Can you dig it?
Time spent in natural surroundings is good for our wellbeing, and gardening has the added benefit of providing a bit of light exercise at the same time.
There’s also the satisfaction of growing your own fruit and veg, if you have the space and the inclination.
Regularly working on a garden has been shown to:
- Reduce stress
- Improve mood
- Reduce symptoms of depression or anxiety
- Increase self-esteem
- Lower blood pressure
- Improve strength and flexibility
- Increase vitamin D levels
- Improve sleep
- Improve cognitive function
For others, gardening has been found to help with dementia and to assist in overcoming addiction, providing a healthy and rewarding outlet for people’s energy.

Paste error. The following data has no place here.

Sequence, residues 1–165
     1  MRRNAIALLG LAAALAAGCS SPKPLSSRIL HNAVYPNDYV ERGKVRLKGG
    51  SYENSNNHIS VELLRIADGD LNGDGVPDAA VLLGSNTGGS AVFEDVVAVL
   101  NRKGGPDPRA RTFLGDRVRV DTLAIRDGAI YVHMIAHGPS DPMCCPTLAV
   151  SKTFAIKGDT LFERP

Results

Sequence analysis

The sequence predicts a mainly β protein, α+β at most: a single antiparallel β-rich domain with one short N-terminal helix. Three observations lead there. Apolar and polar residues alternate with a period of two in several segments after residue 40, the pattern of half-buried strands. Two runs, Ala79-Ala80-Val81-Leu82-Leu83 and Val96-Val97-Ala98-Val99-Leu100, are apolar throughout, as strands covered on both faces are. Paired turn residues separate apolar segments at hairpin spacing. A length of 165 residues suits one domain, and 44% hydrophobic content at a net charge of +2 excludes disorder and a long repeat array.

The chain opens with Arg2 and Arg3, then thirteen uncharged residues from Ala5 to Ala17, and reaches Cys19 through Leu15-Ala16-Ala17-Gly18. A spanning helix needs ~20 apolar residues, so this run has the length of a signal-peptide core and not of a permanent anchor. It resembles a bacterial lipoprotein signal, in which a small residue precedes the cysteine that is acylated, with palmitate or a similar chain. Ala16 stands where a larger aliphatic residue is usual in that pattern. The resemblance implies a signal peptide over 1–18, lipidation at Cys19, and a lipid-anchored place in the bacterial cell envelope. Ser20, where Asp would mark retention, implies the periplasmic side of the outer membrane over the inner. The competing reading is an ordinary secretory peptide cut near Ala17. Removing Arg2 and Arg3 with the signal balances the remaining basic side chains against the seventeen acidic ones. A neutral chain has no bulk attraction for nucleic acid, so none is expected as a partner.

There is a social aspect for many gardeners, working alongside and sharing a purpose and interest with others at allotments or community gardens.
Many areas have projects aimed at improving mental health, combating social isolation or helping dementia patients via working with the soil.
And gardening is something you can do together as a family, getting kids (and grown-ups) away from screens and outdoors instead.
But for a lot of people, gardening just offers the chance to chat with neighbours or passers-by over the fence.
Gardening allows us to learn about nature, develop new skills, meet new people and — literally — enjoy the fruits of our labour.